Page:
Keeping Op-Amp Layout Guidelines Grounded
The issue of ground is an important factor in any PCB operation, and arguably doubly so for op-amps due to their analog nature. Mixed signal boards containing both digital and analog components must balance the ground planes carefully against isolation concerns: the high-frequency nature of digital electronics can produce noise that can easily couple to analog components through the ground plane. This situation can cause misconceptions regarding the ground plane. Essentially, two discrete ground planes are necessary – analog ground and digital ground – yet the planes still need a single connection point to ensure the “distinct” ground planes do not differ as a reference potential (remember: ground is ground is ground!)
This description may sound like double talk, but the detail is essential. The primary goal with the respective ground planes is to isolate any high-frequency noise to the digital section of the board, where its impact is far less detrimental than it would be coupling to the analog components. Effectively, the relative isolation of the analog/digital components and their traces is the most important outcome. Separation of input traces from supply/output traces (excluding the feedback line) will also help limit noise on the input; where these traces are nearby, keep parallel track lengths to a minimum and use perpendicular crossings on signal layers to minimize coupling opportunity.
A good ground layout will also rely heavily on the stackup of the board. This treatment will begin by assessing the layer count necessary to meet the routing goals of the design; while an increase in layers may be outside of the designer’s control, consider the performance benefits of a multi-layer board over single- or double-layer boards if cost allows. The primary advantage is improved EMI rejection due to the plane effect, which offers excellent noise-canceling properties due to the equal-magnitude, opposite-direction current flows. The referenced ground/power planes must be continuous for this effect, i.e., a trace passing over a gap, discontinuity, or referencing multiple ground/power planes in its travel path will instead become a significant source of EMI radiation that will require correction before laboratory testing.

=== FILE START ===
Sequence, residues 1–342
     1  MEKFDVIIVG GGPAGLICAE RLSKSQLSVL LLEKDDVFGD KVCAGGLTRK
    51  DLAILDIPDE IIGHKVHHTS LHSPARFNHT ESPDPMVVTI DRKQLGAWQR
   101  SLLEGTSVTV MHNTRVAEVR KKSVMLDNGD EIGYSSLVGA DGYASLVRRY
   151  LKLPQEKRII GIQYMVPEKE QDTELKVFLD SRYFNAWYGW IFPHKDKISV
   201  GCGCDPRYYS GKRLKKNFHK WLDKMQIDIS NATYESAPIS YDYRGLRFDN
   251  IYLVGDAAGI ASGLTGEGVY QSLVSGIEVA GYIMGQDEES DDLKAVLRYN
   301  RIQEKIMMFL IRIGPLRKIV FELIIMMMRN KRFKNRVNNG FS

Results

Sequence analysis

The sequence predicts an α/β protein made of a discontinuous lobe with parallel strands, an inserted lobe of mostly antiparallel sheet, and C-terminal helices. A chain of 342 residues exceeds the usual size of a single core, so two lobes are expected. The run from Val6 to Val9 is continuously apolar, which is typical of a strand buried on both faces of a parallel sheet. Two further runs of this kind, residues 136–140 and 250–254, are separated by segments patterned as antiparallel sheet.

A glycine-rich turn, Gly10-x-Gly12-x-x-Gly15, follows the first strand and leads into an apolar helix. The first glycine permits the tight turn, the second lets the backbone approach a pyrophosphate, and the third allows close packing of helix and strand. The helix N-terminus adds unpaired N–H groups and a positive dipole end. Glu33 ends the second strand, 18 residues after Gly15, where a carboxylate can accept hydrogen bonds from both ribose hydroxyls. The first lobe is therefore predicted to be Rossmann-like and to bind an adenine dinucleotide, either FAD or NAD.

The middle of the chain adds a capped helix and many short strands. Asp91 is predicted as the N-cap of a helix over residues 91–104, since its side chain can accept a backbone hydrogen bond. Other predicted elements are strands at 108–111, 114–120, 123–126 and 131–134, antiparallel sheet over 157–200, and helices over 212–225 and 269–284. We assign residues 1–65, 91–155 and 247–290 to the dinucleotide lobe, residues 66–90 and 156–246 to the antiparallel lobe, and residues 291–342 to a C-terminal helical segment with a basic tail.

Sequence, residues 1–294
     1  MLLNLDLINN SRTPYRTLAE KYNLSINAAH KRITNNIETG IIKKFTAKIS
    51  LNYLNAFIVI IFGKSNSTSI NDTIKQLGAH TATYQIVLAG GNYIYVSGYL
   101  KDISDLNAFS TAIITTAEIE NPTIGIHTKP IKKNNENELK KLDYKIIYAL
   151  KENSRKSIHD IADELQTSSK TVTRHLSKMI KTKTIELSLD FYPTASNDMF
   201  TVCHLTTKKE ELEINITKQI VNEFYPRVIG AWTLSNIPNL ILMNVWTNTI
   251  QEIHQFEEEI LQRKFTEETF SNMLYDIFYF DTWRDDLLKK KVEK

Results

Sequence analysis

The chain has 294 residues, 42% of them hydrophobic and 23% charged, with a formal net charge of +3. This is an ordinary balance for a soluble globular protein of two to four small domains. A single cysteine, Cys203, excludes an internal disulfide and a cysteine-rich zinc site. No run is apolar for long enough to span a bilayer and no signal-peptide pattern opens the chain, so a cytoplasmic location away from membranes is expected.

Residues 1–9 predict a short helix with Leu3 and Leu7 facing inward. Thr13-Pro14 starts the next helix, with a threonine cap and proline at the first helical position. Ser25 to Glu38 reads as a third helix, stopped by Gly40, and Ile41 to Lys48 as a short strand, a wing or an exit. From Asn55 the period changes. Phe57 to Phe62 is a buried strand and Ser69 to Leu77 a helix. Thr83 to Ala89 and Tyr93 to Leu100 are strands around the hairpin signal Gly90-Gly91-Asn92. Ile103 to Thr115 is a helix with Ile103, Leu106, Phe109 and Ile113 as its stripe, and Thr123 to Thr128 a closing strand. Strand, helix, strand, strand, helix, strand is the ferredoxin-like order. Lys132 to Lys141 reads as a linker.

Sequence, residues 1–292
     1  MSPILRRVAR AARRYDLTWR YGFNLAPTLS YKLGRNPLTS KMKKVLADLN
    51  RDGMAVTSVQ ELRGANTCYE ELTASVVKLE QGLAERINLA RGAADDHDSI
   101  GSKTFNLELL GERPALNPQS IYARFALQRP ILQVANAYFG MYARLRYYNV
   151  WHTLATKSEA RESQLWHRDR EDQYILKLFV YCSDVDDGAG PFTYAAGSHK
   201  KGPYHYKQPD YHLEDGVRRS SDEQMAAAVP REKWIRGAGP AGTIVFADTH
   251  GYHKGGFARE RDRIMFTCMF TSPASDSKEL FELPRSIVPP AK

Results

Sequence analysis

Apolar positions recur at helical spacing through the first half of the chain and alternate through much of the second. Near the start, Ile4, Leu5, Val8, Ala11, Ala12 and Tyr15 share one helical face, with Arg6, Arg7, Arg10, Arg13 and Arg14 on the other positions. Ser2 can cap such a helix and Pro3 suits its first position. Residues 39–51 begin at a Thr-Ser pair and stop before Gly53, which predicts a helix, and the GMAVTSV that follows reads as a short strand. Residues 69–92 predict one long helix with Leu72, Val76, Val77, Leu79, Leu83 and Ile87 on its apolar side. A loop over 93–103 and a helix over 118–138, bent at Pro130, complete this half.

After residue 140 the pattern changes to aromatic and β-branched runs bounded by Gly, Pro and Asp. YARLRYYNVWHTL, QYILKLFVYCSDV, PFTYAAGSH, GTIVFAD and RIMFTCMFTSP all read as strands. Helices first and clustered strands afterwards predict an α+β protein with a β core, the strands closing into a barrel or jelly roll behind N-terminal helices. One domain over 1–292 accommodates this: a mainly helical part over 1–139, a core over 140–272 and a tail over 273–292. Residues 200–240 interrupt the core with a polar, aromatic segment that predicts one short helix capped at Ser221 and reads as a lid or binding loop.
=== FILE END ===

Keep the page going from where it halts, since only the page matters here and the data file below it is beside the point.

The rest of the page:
Cadence Simulations Beget Signal Integrity
Op-amp layout guidelines are similar to general best practices. Still, mixed-signal designs (which are increasingly more likely with the overall trend of component digitization) mean designers will want to carefully account for signal integrity to prevent noise, distortion, and other issues. The first step should always be thoroughly modeling circuit characteristics and a stackup founded on low-EMI principles. Fortunately, Cadence’s PCB Design and Analysis Software suite grants design teams a robust and expansive simulation environment with exceptionally accurate real-world results. Designers can then easily transfer simulation data to OrCAD PCB Designer for rapid design prototyping and revisions that reduce time-to-market.
Leading electronics providers rely on Cadence products to optimize power, space, and energy needs for a wide variety of market applications. To learn more about our innovative solutions, talk to our team of experts or subscribe to our YouTube channel.